In a country obssesed with national security the threat of terrorism and, domestic conflicts have been cast in a new light. The reach of this obssesion has no clear boundaries, which is perfect for the those in power because it allows them to make huge jumps in logic that would otherwise be easily recognized as asinine and dangerous.

For example, when the International Longshoreman and Warehouse Union went on strike and shut down every port on the west coast, the current administration was irate that they would dare put our national security in jeopardy. The costly strike provoked a very quick reaction from Bush, who invoked the Taft-Hartley Act, calling for a “cooling-off period,” which is merely a euphemism for a temporary ban on strikes. He also made a point to emphaise that the workers were helping terrorists, saying “This current situation imperils our national health and security.”

While discussion surrounding the issue has been entirely centered on how the strike is hurting the economy, the security aspect of it was convienently ignored. How do striking workers imperil our national security? Is their any real justification for such a statement?

The answer, of course, is no, but more importantly the very fact that the administratoin is now using this concept needs to be addressed. The implicit use of national security as an anti-union tool has become not only explicit but also accepted.

What is at stake is no less than the ability of workers to organize and collectively bargain to ensure their rights.

This is something that is not in Bush’s vision for America, and it’s not too hard to figure out that he will do all he can to further marginalize and remove those who are organized or attempting to organize.

The Department of Homeland Security proposal contained the clause that would allow the secretary of the department to write new employment rules that exempt employees of the department from all existing civil-service regulations. It would also eliminate Title 5 of the Civil Services Act, which guarantees collective bargaining rights for federal workers. This is the bill as Bush wanted it, and he has threatened to veto a revised bill from the Senate that doesn’t have such regressive changes for workers’ rights.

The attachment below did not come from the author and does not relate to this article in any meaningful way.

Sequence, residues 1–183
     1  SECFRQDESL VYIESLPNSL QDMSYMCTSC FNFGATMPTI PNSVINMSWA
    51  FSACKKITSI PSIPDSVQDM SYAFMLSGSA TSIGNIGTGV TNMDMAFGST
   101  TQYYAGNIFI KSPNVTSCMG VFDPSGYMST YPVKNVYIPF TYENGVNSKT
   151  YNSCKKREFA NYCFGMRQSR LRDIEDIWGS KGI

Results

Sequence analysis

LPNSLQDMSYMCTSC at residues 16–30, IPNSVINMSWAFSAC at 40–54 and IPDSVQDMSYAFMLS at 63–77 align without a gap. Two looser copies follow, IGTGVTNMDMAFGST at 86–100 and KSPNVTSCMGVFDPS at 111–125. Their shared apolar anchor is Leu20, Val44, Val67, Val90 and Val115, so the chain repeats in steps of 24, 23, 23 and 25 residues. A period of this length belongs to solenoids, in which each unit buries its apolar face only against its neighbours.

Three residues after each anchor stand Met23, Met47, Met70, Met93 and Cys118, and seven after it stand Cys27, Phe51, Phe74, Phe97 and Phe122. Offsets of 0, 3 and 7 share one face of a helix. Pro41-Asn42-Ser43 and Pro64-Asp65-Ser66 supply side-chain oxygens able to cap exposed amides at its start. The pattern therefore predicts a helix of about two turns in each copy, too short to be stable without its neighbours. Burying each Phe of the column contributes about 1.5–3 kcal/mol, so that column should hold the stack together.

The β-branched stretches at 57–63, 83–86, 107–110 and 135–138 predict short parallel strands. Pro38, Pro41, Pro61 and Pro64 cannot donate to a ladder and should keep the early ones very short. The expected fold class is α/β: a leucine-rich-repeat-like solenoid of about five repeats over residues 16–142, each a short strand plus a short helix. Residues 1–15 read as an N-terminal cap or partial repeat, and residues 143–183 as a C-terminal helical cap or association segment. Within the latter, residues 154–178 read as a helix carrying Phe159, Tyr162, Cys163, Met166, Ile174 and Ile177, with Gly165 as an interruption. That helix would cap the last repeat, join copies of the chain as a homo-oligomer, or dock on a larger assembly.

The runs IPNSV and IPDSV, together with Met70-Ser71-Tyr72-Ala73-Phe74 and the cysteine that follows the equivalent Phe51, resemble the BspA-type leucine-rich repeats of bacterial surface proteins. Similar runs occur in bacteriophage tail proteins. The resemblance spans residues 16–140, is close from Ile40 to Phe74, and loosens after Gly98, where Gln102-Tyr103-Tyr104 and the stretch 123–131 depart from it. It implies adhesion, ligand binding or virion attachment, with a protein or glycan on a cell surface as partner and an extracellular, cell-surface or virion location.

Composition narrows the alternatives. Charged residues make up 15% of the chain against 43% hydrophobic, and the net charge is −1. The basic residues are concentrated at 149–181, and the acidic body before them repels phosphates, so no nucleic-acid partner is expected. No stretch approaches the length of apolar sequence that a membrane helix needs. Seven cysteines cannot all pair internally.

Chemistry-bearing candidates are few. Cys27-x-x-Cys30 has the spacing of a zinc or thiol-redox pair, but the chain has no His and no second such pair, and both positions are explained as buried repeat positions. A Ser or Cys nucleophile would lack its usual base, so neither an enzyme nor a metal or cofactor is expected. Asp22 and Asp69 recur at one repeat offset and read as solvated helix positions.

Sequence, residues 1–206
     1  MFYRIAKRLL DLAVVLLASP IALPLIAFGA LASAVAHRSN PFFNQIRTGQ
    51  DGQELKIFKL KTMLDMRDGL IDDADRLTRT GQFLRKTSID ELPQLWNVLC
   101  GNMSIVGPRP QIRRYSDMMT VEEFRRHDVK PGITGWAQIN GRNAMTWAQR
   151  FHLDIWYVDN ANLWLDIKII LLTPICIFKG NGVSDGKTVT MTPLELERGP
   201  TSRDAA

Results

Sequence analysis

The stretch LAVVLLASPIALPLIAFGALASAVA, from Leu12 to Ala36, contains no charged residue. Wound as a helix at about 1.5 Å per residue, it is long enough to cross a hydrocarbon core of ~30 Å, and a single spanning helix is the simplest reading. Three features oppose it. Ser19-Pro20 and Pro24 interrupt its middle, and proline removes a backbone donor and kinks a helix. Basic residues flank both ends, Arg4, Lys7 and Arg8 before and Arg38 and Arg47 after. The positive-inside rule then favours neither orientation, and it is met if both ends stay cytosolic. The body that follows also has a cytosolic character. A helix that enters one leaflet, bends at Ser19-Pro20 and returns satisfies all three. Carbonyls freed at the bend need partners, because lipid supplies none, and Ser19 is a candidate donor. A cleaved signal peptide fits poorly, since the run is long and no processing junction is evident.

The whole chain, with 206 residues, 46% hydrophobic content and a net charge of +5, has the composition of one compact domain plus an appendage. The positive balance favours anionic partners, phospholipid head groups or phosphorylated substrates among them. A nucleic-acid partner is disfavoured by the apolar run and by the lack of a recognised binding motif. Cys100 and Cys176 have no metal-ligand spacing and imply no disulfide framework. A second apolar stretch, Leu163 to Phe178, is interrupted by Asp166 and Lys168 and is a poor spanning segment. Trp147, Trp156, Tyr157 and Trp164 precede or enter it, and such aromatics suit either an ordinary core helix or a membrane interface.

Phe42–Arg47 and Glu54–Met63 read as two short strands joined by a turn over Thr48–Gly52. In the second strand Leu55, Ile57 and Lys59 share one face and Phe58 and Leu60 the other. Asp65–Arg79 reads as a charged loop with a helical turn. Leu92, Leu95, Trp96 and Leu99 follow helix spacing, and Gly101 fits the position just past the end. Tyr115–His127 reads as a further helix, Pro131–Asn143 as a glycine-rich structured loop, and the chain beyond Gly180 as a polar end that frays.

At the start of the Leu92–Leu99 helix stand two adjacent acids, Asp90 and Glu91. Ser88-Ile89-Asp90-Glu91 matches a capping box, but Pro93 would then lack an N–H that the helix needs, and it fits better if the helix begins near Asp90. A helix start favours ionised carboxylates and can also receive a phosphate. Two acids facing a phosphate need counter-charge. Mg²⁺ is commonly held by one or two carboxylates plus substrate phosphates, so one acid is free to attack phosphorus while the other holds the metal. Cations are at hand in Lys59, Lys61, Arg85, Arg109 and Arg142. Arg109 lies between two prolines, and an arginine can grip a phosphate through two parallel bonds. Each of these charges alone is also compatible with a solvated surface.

Additionally, the administration had been intervening in the ILWU conflict for quite some time. According to Clarence Thomas, secretary-treasurer of ILWU Local 10, Homeland Security Director Thomas Ridge and Secretary of Labor Elaine Chao both intervened personally to make it clear that a strike would not be tolerated. If Bush had his way he would replace dock workers with Navy personnel, which is something illegal except during a time of war, but of course we’re always at war now ? whether or not we’re actually fighting is immaterial.

So now, armed with the pretext of national security, Bush has his trump card in any domestic dispute, particularly ones which involve unions. The ideological counterpart is just as vital, which would have us believe that those who actively challenge the status quo and the powers that be somehow aid terrorists, regardless of what form these disputes take.

Violating workers’ rights is no longer even an issue of consideration, in fact it’s now viewed as beneficial. The administration has been claiming that existing employees’ rights tie the hands of managers, who supposedly need freedom to move and discipline people without restraint during a national emergency.

So what does this mean? Well, it demonstrates how the rationale of the war on terrorism deems a flexible labor market as vital to national health, making unions antithetical to a safe and secure state. Furthermore it indicates how the establishment of a completely untied and flexible management has become a fundamental part of national security, which is disastrous for workers everywhere.

Ultimately the administration desires a labor force that is basically powerless and vulnerable to all kinds of injustices that are now apparently good for the health and safety of the nation. The thinly veiled contempt for unions and the working class has a long history in the U.S. Government, but the fact that it has been given a new legitimacy needs to be recognized and rejected.

Muhlenberg is a sophomore and can be reached at dmuhlenberg@campustimes.org.



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